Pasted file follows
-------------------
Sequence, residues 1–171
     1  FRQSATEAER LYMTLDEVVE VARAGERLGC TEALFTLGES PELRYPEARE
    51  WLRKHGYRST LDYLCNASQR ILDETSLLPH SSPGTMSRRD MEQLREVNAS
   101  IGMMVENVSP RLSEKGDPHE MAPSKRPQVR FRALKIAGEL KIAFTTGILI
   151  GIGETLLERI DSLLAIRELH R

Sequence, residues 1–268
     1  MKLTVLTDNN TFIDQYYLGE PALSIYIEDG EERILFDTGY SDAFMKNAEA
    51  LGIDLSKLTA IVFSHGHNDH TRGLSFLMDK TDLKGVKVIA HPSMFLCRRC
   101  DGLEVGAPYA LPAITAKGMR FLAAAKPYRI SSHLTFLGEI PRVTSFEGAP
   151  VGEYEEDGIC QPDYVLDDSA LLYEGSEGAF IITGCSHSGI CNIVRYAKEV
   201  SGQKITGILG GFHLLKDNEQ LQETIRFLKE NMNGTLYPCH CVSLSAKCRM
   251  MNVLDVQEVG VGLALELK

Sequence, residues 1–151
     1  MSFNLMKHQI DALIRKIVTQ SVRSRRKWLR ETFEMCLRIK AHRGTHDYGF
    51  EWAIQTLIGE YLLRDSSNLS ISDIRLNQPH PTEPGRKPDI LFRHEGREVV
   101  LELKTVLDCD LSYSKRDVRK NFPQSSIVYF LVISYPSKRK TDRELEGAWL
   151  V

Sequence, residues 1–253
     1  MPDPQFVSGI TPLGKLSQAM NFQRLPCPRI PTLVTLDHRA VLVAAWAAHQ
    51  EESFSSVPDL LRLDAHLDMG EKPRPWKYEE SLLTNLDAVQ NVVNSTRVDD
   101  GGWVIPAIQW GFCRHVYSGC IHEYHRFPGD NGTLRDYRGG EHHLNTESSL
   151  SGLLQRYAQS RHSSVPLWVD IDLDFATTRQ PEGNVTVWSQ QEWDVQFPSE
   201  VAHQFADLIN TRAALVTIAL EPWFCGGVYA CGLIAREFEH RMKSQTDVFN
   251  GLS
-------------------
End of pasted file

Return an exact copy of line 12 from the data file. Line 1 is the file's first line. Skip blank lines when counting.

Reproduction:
   251  MNVLDVQEVG VGLALELK